CUMBRIAN MP Rory Stewart went head-to-head with Conservative leadership rival Boris Johnson for the first time in a high-profile TV debate.

He also clashed with fellow candidates on issues including Brexit, taxes, the care system and Donald Trump.

Mr Stewart labelled the current care system “a disgrace” and pledged to work with other parties to find a better way to fund it.

Last night’s BBC debate came after Mr Stewart made it through to the final five candidates following a crucial leadership vote.

With Dominic Raab eliminated, the Penrith and the Border MP made it onto the podium alongside Mr Johnson, Jeremy Hunt, Michael Gove and Sajid Javid.

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Brexit dominated the debate - with Mr Stewart challenging rivals’ promises on the Irish backstop and the possibility of a no-deal Brexit.

He also criticised their pledges to cut taxes, saying he would not promise things he couldn’t deliver and would instead invest more money in public services, including the social care system.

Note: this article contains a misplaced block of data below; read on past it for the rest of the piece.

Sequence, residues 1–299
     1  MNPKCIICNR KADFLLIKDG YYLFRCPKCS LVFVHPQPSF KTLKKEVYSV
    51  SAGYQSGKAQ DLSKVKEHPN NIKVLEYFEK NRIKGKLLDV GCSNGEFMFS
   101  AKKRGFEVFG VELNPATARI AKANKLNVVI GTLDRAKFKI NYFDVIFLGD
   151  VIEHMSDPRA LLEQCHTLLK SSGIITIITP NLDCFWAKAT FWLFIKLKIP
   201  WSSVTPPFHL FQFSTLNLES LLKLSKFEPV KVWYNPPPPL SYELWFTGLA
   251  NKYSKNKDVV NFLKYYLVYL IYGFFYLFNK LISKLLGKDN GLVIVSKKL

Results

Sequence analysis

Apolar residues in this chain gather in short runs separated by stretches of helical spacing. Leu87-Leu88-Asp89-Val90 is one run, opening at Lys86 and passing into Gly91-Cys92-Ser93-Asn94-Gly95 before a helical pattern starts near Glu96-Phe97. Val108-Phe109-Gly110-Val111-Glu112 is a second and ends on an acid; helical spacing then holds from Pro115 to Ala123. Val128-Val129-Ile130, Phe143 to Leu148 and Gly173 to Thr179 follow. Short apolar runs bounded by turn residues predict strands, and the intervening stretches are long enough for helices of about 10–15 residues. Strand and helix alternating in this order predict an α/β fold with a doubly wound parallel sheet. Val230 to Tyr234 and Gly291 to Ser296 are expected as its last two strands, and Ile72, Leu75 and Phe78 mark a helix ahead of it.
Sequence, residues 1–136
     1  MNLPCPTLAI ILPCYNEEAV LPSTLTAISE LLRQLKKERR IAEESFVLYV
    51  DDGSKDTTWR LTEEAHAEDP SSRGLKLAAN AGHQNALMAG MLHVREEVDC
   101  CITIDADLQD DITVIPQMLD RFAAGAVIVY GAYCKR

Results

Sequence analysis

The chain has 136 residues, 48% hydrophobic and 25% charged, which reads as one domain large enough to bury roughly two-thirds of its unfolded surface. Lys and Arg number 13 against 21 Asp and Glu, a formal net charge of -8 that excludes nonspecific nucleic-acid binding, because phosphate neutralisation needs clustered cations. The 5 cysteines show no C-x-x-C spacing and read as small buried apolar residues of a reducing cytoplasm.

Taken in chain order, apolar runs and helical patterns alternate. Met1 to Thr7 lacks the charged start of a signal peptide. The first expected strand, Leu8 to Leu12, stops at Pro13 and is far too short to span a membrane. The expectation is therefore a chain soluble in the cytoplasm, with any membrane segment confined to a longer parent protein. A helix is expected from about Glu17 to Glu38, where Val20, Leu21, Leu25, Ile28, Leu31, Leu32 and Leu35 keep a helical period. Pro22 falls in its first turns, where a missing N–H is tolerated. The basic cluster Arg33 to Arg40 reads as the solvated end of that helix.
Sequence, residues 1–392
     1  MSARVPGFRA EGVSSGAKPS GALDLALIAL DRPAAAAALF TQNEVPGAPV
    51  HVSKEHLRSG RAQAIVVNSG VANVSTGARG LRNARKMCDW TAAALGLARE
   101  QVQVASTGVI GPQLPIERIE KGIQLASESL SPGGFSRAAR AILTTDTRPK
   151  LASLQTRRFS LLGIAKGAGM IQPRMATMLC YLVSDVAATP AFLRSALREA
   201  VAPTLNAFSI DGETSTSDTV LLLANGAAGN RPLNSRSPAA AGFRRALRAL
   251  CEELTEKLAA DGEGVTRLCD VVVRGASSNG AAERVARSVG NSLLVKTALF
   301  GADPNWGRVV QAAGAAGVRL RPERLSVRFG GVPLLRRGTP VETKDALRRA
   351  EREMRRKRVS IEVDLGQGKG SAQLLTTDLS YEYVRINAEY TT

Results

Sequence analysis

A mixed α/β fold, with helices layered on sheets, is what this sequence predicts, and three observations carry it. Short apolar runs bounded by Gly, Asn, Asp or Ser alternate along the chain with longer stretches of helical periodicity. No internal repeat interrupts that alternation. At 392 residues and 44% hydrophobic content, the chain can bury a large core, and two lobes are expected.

On Brexit, candidates set out what they would do if no-deal was agreed by the October 31 deadline - including whether they would still leave.

As other candidates spoke of preparing for a no-deal, just in case, Mr Stewart said Parliament would never agree to it, so it was not a “credible” option.

He said: “We need to leave the European Union as quickly and efficiently and legally as possible.

“If I were lucky enough to be your prime minister, there would not be a no-deal Brexit. It is unnecessary. It is damaging - it is not even credible.”

Mr Stewart was grilled on why he was still trying to push through Theresa May’s failed Brexit deal.

Insisting it would not be possible to negotiate a new deal by October 31, he said the existing Withdrawal Agreement was the only way out.

Flagging up how all the candidates had voted for this deal, he called on them to do so again, saying “let’s get on with it, let’s vote it through, let’s get it done”.

Ruling out a no-deal Brexit entirely, he said: “In the end we’re in a room with a door, and the door is called Parliament, and I am the only person here trying to find the key to the door. Everybody else is staring at the wall shouting ‘Believe in Britain’.”

There was a row about the Northern Ireland border - with Mr Stewart challenging Mr Johnson on his pledges about trade tariffs.